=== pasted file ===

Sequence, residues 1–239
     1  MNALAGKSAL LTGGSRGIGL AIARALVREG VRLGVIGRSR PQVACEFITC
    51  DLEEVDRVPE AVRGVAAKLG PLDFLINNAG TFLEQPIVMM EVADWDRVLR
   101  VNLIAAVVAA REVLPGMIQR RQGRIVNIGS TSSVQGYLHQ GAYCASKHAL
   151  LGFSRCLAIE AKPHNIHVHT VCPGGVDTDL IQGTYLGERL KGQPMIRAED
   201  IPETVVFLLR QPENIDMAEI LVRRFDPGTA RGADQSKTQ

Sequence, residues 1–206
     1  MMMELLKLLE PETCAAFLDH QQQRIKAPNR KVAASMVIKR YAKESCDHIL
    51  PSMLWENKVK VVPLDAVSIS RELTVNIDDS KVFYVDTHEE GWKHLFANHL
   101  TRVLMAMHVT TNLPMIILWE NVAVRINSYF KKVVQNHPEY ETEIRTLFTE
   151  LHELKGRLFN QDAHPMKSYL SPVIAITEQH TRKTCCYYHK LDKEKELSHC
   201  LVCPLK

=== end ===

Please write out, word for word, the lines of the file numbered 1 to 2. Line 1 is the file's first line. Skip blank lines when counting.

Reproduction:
Sequence, residues 1–239
     1  MNALAGKSAL LTGGSRGIGL AIARALVREG VRLGVIGRSR PQVACEFITC